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Gov Murphy, State of the State, 2019

Why is a Black woman’s nomination to an all-white environmental board being blocked? Opinion

STAR-LEDGER // February 10, 2022

Since he’s been in office, Gov. Phil Murphy has nominated eight residents of New Jersey’s most populous city to various commissions and councils. Not one of them has been approved by the Senate to serve on the body to which they were appointed.

Not one.

Why? Because of an unwritten, yet immutable law in New Jersey known as senatorial courtesy.

In balancing powers among the branches of government, the New Jersey Constitution requires that most of the positions appointed by the governor — including cabinet officials, judges and seats on high-level boards and commissions — must be confirmed by the New Jersey Senate. The Senate Judiciary Committee interviews all gubernatorial nominees, subject to the advice and consent stipulation of the Constitution. If approved by the committee, the nominee advances to a confirmation vote by the full Senate.

But before a nominee can be considered by the Senate Judiciary Committee, every senator whose legislative district includes any part of the county in which the nominee resides, has the prerogative to block the nomination indefinitely and without explanation.

Governor Murphy nominated Newark resident Wynnie-Fred Victor-Hinds to the Highlands Council in March 2020. Newark, in the most populous county, Essex, spans six legislative districts. Six senators, Teresa Ruiz, Ron Rice, Richard Codey, Kristin Corrado, Nia Gill and Joe Pennachio had to sign off on Ms. Victor-Hinds’s nomination before the Senate Judiciary Committee would consider the nomination.

Any one of the six senators may permanently block the governor’s nominee. Senator Nia Gill, alone, is blocking Wynnie’s appointment. But not only is Wynnie being blocked, all of Governor Murphy’s nominees to a variety of boards and commissions who are Newark residents, have been blocked under senatorial courtesy.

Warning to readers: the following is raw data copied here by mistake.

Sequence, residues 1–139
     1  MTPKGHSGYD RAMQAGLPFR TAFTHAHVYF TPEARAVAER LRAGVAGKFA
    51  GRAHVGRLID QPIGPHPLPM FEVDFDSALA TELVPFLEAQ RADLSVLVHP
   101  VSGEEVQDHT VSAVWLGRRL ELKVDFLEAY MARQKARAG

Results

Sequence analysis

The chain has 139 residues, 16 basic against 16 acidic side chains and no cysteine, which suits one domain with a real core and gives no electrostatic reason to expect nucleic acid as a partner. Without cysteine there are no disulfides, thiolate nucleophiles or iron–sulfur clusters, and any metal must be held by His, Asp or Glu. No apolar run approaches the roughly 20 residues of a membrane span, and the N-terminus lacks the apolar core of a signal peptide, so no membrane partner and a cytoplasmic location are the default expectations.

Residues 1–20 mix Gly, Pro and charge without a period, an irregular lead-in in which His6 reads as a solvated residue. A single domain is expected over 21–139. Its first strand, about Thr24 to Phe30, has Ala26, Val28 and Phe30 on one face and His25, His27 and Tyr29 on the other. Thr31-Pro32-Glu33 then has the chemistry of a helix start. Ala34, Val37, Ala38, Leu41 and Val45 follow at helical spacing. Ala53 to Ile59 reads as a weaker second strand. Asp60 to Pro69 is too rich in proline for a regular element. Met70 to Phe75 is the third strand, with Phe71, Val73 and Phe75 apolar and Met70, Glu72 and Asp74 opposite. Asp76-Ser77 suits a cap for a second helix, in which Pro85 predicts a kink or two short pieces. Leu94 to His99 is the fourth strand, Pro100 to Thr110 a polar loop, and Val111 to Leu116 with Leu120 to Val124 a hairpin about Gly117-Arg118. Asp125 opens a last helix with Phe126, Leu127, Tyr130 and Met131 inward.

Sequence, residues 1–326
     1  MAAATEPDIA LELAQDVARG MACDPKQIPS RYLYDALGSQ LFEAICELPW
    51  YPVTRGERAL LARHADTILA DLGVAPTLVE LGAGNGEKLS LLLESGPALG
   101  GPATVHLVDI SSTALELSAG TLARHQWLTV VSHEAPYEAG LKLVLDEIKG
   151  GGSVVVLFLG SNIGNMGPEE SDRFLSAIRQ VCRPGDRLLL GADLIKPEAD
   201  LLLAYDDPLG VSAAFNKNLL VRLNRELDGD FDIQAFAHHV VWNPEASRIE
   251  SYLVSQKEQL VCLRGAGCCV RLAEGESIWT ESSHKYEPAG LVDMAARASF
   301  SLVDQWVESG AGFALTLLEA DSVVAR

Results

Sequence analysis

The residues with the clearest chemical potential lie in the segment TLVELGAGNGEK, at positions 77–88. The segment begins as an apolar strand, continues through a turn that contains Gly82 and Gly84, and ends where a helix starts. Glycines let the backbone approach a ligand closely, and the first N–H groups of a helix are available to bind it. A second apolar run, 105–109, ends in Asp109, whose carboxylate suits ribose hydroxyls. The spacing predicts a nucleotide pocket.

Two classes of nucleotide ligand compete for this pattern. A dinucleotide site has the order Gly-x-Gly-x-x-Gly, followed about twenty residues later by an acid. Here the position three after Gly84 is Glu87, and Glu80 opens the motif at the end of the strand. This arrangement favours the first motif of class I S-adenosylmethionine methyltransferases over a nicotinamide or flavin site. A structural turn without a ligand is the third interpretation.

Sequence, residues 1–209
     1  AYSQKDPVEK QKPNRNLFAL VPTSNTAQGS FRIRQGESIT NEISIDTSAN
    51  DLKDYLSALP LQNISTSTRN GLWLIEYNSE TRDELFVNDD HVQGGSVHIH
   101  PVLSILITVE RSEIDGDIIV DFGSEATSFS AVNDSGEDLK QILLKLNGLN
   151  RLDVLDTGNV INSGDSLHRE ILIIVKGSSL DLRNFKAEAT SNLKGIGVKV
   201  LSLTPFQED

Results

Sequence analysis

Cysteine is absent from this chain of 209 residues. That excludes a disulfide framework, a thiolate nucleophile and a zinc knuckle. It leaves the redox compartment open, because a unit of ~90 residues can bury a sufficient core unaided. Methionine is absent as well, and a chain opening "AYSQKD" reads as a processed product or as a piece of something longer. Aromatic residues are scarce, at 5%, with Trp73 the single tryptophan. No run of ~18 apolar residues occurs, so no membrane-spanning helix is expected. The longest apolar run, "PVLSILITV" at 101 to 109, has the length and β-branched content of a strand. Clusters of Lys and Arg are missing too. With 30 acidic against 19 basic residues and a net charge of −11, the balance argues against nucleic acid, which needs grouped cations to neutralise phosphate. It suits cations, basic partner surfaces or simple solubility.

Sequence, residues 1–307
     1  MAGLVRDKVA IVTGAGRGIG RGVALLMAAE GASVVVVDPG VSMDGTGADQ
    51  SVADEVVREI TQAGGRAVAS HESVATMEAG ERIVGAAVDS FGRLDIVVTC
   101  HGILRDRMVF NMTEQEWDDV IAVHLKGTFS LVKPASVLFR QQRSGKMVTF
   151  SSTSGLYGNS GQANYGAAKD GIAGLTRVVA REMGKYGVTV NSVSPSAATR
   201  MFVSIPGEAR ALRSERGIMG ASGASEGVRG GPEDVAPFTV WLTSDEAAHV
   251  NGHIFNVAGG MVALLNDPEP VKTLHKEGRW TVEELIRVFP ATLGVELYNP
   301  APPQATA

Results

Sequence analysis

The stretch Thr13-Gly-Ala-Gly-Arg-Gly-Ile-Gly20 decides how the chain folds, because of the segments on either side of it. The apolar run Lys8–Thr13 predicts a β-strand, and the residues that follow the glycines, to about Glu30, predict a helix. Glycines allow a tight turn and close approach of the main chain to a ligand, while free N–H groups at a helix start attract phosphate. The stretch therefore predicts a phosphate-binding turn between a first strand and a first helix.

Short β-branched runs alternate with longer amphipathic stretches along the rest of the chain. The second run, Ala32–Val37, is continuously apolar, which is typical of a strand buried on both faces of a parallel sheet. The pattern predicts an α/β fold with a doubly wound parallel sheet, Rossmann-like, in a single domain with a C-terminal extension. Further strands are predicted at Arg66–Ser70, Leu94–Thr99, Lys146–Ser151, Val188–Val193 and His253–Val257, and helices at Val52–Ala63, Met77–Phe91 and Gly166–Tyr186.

Now that the 2020-2021 Legislative Session is ended, it is doubtful that the governor will renominate Wynnie, or any of Wynnie’s Newark neighbors, for the 2022- 2023 Legislative Session.

Why was every nomination from Newark blocked? We do not know, because senators are not required to even acknowledge the block.

In the case of Ms. Victor-Hinds, we can surmise that Gill’s courtesy hold had nothing to do with qualifications. Governor Murphy could not have nominated a more qualified member to the Highlands Council.

Ms. Victor Hinds is co-chair of the Newark Environmental Commission, she is a founding member of the Newark Water Group, and is active in several environmental and environmental justice causes in her community and statewide. She has an advanced degree in international relations from the New School.

The Highlands Council, currently all white and all male, needs to expand its gender and racial perspectives. And Newark, which owns 35,000 acres of the Highlands core forest, which buffers its five water supply reservoirs, has never been represented on the Highlands Council, despite being the Highlands’ largest landowner.

Newark’s interest in protecting the quality of Highlands water resources very much aligns with the goals and objectives of the Highlands Act. What is uncanny is that under normal circumstances, Senator Gill would be championing Wynnie’s appointment to the Highlands Council. In fact, in 2015, the New Jersey Highlands Coalition recognized Senator Gill with its Vision & Leadership Award for standing up to Governor Christie when he replaced a pro-environmental African American Pinelands Commissioner in retaliation for voting against a politically connected project.

Senator Gill’s courtesy block was absolute — as she is accountable to no one. Residents of Newark have absolutely no say in Gill’s blocking of Wynnie or the seven other nominees because they are not part of Senator Gill’s district. They cannot register their displeasure of this senator’s actions at the ballot box.

It would make better sense if senatorial courtesy was provided only to the senator in whose legislative district the nominee resides. But to extend it to include every senator whose legislative district includes any part of the county in which the nominee resides, including nominees residing outside of the senators’ districts, makes no sense and it is clearly contrary to any democratic principle.

The county’s relevance here is a holdover from the 1960s when the county was the legislative district. When the U.S. Supreme Court ruled that legislative districts must be equivalent in population and the one-senator-per-county representation was reapportioned into legislative districts that no longer aligned with county boundaries, the county basis for senatorial courtesy should have been abandoned.

As an unwritten rule, senatorial courtesy does not even exist, in a legal sense. In fact, in 1993, senatorial courtesy was challenged before the New Jersey Supreme Court, which ruled it to be “nonjusticiable.” It would be up to the Senate to willingly give up a power it now enjoys. Do not expect any level of public outcry in a state where most registered voters couldn’t even name their state senator.

Meanwhile, don’t expect the governor to appoint any Newark resident to any state-level office requiring Senate approval anytime soon. Why bother?


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